As I mentioned, after checking out the booths on Burrowes Road I noticed that I was close to the Information Sciences and Technology Building so I might as well walk to the parking garage instead of walking all the way back downtown and waiting for the shuttle bus. I discovered that you can walk up the ramp of the Westgate Building and cross North Atherton Street using its overhead walkway. Other the other side of the building I had to walk past a construction site to reach the West Parking Deck. There seemed to be a lot of construction going on in State College. I noticed an immense block of buildings being built as I drove into the city.

This art festival was very inspiring. I’m still doing creative coding using Processing but I have become less active at it. I did order a book on forms because I think I can create some of the forms in Processing. I am also reading the book “Coding Art”.

On the way home I stopped at the Mexican restaurant Rey Azteca in Mill Hall. I ordered three tacos which came in soft shells stuffed with beef. I did not like these very much.

Posted in Art, Pennsylvania, Travel | Tagged , , , , , , , , | Leave a comment

Second Trip To Lititz

On Saturday May 21, 2022 I made my second trip to Lititz PA. I decided to make this trip because I wanted to take better photos. I was really disappointed with how my photos turned out during my vacation. My digital camera does not take good photos in poor lighting. Unfortunately, there was heavy fog in the morning and I had to drive through fog for almost the entire way until I reached the Mount Joy exit. I followed my directions for reaching Lititz using Pennsylvania Route 722 which had me driving through Manheim. I did not make any driving mistakes on this trip. I am beginning to learn my way around Lancaster County!

I arrived at Lititz at 8:00 a.m. One of the first things I did was photograph the Wilbur Hotel. This hotel is located on the other side of the Wilbur Chocolate Co. Building. I’m not sure how much of the old building is taken up by the hotel. There is some retail space on the ground floor facing North Broad Street. This is a rather large and fancy hotel for such a small town but I guess it is part of the greater Lancaster County tourist accommodation. In other words, I don’t think people stay in Lititz just to visit Lititz.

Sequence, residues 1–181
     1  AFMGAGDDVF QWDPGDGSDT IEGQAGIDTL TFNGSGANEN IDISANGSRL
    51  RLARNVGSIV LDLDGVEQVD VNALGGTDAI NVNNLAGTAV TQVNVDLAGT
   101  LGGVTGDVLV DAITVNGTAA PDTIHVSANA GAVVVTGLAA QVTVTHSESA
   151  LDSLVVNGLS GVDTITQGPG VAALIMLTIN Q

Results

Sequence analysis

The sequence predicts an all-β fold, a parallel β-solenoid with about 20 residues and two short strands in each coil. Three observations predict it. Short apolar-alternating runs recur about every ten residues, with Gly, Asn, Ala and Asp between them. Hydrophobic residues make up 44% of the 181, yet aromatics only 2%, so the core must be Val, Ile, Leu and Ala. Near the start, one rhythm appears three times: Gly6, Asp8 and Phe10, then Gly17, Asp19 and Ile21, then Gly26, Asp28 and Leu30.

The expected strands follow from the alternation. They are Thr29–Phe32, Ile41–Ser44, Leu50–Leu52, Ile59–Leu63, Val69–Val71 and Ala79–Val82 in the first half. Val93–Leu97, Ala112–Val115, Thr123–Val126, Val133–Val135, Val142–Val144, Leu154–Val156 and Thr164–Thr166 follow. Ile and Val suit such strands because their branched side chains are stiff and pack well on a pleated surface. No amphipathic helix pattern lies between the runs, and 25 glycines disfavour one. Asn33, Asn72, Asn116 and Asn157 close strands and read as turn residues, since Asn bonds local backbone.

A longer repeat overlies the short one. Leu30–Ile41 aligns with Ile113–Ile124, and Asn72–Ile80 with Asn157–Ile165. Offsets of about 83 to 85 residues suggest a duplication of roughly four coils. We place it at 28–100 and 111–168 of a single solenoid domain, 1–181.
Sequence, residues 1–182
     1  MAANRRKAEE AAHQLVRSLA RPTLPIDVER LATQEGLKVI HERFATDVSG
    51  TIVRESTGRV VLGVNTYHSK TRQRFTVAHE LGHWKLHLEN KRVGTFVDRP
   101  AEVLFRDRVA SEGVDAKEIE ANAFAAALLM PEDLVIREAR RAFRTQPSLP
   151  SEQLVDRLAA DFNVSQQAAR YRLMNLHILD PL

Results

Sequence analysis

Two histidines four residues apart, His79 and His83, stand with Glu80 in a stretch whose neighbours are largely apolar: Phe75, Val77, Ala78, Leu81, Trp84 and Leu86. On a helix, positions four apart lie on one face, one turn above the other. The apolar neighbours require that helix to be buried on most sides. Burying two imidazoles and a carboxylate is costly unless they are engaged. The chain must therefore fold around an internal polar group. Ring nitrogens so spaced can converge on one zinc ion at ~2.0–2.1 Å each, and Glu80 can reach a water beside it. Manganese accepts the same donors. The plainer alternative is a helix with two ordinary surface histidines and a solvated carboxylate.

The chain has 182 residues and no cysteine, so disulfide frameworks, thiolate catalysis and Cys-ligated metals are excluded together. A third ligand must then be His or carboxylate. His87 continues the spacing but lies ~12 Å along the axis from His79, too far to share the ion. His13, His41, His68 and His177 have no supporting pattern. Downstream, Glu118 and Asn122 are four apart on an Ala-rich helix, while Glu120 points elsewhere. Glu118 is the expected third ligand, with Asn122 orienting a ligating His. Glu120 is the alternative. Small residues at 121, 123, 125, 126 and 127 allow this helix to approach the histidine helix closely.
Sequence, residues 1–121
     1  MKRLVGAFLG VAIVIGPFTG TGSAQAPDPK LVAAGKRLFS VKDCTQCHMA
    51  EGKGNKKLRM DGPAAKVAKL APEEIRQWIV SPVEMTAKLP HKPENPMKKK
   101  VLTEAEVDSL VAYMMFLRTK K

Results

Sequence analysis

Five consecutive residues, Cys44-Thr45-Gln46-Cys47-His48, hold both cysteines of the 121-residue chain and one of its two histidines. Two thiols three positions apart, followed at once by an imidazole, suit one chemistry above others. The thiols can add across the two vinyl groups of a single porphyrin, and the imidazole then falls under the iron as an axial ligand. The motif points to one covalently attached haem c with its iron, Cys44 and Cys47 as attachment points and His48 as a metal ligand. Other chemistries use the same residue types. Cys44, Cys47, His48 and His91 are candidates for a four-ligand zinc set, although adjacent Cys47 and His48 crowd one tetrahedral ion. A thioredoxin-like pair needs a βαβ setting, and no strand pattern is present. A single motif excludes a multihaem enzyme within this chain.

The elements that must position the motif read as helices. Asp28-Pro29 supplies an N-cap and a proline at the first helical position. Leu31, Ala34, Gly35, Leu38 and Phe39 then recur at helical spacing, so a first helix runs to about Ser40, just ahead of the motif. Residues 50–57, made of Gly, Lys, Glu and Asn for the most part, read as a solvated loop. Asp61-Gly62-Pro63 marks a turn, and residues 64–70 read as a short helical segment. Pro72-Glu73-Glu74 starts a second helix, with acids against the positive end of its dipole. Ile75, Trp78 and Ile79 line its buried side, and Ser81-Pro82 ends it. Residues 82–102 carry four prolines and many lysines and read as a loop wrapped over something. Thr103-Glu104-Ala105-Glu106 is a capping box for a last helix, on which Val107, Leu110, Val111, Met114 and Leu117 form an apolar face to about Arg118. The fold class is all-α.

The Wilbur Hotel

The Wilbur Hotel

After walking all along East Main Street to take better photos along the side of the street in the sun, I went to Cafe Arabella for breakfast just like last time. I ordered a medium Café au lait and a cinnamon and raisin bagel. After getting my table flag I used the rest room because they are few rest facilities along Route 15. I did stop at an Onvo travel plaza with a  Burger King in Duncannon just before reaching the Ranch House restaurant.

Cafe Arabella Interior

Cafe Arabella Interior

After breakfast I had to wait until 10:00 for Aaron’s Books to open although I noticed they opened a little early. I bought two books; a graphic novel, We Live by Eva de la Cruz and Dave Sharpe published by AfterShock Comics and a Battle Angel Alita Vol. 1 manga. I took that purchase back to the car and then went to Purple Robin Reserve where I bought another Margaret Thorn print for $45.00, Pretzels & Chocolate. According to my receipt, I made this purchase at 10:38 a.m. But before going back to the car I stopped in at Sweet Legacy Gourmet where I bought a bag of chocolate covered espresso beans for $8.00 at 10:43 a.m. These were really good.

Sweet Legacy Gourmet

Sweet Legacy Gourmet

For lunch I had fish and chips at Bulls Head Public House. Since this is an iconic restaurant at Lititz I decided I had to eat there. I ordered a cider but they did not have Irish cider and I was told “we’re not an Irish bar” in a huff. Instead I got a glass of Kingston Black which might be an apple cider. I used the restroom here before leaving. With tip, this meal came to $25.00 which is reasonable. I had lunch at 11:09 a.m.

Bulls Head Public House

Bulls Head Public House

After lunch I walked to Lititz Music Company because it was nearby. I bought a double album of Joan Jett And The Blackhearts Greatest Hits for $45.00. I thought this was kind of expensive but record albums are becoming increasingly rare and buying one for nostalgia value is worth it. This album has a copyright of 2010 so it is not a vintage 1980s record.

Lititz Music Company

Lititz Music Company

I had a reservation for a 1:00 p.m. tour at Julius Sturgis Pretzel Bakery but I arrived there early to pay for the tour and wound up taking the 12:30 p.m tour. The tour only took around 15 minutes and cost $4.00 so it was not a big deal. They gave me an Official Pretzel Twister certificate. At the end of the tour I got a small bag of Ton Sturgis Artisan Little Ones pretzels. I picked up a Reading, Berks County travel guide in the waiting room.